Members > Spotlights > Rubaiyea Farrukee




Dr. Rubaiyea Farrukee
Research Officer, Department of Microbiology and Immunology
University of Melbourne, Doherty Institute

Are you currently pursuing COVID-19 related research?

My research area is focused on innate immune responses to viral infections. I am currently studying intracellular host factors leading to antiviral activity against SARS-CoV-2. Ultimately, identification and characterization of these factors can be useful for the design of novel host targeting therapeutics. I am also interested in studying viral interference factors to evade innate immune responses. Specifically, I am interested in studying (1) how co-infections of influenza and SARS-CoV-2 can affect host immune responses, and (2) what implications may have in responding to future epidemic waves by collaboration with researchers at the World Health Organization Collaboration Centre for Reference and Research on Influenza.

Please describe your research interests and accomplishments.

My research interests lie in expanding knowledge of important human respiratory viruses. I have intensive research experience on influenza viruses and extended my research interest to other respiratory viruses, such as respiratory syncytial virus, human metapneumovirus, and rhinoviruses. While the burden of respiratory virus diseases has always been apparent, the recent COVID-19 pandemic has further highlighted the importance of research in this field. During my PhD and postdoctoral trainings, I have published my research findings in high impact journals in the field of virology, including PLoS Pathogens, Journal of Virology, and Journal of Antimicrobial Chemotherapy. During my PhD program, I received the Millis Jackson Research Scholarship and the Bill and Melinda Gates Foundation Early Career Research Award. In the final year of my PhD program, I received a Doherty Seed Grant, which allowed me to finish my project comprehensively. I have also been the two times recipient of the Major Bartlett Travel Grant. These gave me the opportunity to present my work in multiple local and international conferences, and these opportunities brought me to receive awards for the Best Oral Presentation. With my keen interest in science communication, I also participated in the 3-Minute Thesis competition and Global Health Case Competition at the University of Melbourne and became a semi-finalist and Team Leader of winning team. In the first year of my postdoctoral research, I enthusiastically pursued all grant opportunities and new collaborations and was awarded the University of Melbourne, School of Medicine, Health and Dentistry Early Career Research Grant.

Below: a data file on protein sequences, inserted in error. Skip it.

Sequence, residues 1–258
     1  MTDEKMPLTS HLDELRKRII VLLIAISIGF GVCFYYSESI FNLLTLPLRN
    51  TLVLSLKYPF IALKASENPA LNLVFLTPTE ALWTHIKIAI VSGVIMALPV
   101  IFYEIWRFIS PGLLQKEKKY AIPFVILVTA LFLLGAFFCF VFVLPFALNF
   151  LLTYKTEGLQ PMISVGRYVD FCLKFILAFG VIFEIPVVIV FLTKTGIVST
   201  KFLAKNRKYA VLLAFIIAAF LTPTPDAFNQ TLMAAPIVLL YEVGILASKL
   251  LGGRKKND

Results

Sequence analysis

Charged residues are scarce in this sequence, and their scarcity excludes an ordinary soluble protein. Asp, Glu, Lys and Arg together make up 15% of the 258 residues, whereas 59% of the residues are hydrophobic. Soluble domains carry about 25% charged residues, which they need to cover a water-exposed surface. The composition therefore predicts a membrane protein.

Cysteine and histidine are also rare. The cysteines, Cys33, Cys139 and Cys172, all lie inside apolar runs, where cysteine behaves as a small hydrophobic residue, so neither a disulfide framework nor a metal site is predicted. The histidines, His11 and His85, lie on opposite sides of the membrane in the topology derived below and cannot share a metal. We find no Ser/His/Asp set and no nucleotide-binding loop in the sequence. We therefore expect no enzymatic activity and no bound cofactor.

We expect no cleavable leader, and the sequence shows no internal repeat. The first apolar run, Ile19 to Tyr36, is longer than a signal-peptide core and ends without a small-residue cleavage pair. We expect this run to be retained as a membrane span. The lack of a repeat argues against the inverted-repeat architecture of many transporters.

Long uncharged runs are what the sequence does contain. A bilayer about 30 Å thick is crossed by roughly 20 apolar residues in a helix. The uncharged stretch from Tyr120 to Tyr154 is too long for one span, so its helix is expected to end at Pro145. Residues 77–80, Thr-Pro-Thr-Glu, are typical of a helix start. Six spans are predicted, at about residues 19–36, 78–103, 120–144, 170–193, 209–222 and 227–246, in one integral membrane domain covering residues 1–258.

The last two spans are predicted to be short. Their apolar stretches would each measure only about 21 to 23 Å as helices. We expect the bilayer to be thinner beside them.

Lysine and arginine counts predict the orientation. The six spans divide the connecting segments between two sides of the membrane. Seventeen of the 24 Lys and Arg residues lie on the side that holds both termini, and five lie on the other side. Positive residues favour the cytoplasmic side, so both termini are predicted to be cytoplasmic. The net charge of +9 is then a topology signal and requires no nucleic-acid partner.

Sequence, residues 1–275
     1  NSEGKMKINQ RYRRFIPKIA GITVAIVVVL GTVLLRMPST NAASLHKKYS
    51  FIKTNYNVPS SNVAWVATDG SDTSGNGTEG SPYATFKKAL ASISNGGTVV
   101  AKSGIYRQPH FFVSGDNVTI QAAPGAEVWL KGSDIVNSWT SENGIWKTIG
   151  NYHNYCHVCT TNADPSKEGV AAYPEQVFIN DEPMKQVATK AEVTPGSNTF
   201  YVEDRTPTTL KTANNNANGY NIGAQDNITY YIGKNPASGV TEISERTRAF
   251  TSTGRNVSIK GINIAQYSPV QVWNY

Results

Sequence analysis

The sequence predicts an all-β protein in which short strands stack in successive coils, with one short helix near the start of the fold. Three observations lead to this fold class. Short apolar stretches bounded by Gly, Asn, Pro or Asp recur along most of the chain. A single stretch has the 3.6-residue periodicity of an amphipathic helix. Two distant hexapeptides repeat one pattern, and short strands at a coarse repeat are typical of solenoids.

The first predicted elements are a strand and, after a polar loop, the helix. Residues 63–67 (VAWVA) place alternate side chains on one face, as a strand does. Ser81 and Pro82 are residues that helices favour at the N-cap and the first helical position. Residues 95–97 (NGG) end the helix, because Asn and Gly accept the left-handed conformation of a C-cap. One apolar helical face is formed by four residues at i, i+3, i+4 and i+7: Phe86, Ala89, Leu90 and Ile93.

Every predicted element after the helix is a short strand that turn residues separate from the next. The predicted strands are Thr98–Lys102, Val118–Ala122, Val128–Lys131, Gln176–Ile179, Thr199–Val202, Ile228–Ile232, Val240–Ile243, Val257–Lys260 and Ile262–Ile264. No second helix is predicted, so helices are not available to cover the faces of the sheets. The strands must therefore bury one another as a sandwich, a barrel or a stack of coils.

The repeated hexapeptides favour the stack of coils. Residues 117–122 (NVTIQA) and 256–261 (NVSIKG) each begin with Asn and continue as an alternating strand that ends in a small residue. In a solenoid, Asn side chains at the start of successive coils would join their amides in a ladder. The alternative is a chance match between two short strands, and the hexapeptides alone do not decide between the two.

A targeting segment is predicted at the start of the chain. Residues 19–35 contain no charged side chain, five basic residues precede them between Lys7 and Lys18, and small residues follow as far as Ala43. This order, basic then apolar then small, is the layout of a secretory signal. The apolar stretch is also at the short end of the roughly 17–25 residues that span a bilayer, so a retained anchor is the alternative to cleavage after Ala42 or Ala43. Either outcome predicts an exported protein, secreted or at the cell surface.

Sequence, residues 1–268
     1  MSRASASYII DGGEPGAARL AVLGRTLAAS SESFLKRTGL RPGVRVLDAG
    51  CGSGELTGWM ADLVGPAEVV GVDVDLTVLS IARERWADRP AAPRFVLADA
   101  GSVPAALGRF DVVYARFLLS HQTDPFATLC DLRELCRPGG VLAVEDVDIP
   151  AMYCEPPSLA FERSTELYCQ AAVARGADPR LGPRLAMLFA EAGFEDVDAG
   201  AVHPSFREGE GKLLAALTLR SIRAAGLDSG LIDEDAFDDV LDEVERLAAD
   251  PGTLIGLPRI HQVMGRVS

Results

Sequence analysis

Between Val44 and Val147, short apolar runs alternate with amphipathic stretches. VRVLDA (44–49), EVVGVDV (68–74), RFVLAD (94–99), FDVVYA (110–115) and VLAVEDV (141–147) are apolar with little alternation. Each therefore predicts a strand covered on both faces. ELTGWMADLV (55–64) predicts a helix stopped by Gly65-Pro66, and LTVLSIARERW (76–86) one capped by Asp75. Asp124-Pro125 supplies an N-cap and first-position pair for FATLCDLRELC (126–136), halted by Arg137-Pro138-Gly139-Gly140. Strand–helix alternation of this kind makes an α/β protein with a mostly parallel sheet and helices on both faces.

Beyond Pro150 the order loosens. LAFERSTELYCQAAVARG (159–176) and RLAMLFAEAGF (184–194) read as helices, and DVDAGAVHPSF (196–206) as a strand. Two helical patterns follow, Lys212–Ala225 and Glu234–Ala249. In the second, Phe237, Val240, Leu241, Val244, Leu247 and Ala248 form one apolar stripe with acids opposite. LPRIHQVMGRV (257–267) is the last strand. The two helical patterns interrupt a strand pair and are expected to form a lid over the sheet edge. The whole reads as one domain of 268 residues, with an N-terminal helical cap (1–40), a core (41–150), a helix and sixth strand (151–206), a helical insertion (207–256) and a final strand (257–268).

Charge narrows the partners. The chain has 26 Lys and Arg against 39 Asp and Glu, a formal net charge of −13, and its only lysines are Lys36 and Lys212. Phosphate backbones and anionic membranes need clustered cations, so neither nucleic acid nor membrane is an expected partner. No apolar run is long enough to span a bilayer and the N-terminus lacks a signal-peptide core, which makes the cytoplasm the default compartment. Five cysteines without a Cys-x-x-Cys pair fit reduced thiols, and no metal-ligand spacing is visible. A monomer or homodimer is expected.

Profession Summary

Dr Rubaiyea Farrukee completed a Bachelor of Science (Biotechnology) at Monash University, including Honours in 2013. Dr Farrukee subsequently undertook a PhD in 2016 at the WHO Collaborating Centre for Reference and Research on Influenza, studying the fitness of antiviral resistant influenza viruses. After completion of the PhD, Dr Farrukee started working in the Reading/Brooks laboratory as a Roche Postdoctoral Research Fellow. Her project is focused on identifying novel antiviral host factors for respiratory pathogens, including human respiratory syncytial virus and SARS-COV-2.

Overview of The University of Melbourne, Doherty Institute

Finding solutions to prevent, treat and cure infectious diseases and understanding the complexities of microbes and the immune system requires innovative approaches and concentrated effort. This is why the University of Melbourne – a world leader in education, teaching and research excellence – and The Royal Melbourne Hospital – an internationally renowned institution providing outstanding care, research and learning – partnered to create the Peter Doherty Institute for Infection and Immunity (Doherty Institute); a centre of excellence where leading scientists and clinicians collaborate to improve human health globally. Located in the heart of Melbourne’s Biomedical Precinct, the Doherty Institute is named in honour of Patron, Laureate Professor Peter Doherty, winner of the 1996 Nobel Prize in Physiology or Medicine for discovering how the immune system recognizes virus-infected cells. Under the expert guidance of Director, University of Melbourne Professor Sharon Lewin, a leader in research and clinical management of HIV and infectious diseases, the Doherty Institute has more than 700 staff who work on infection and immunity through a broad spectrum of activities. This includes discovery research; diagnosis, surveillance and investigation of infectious disease outbreaks; and the development of ways to prevent, treat and eliminate infectious diseases.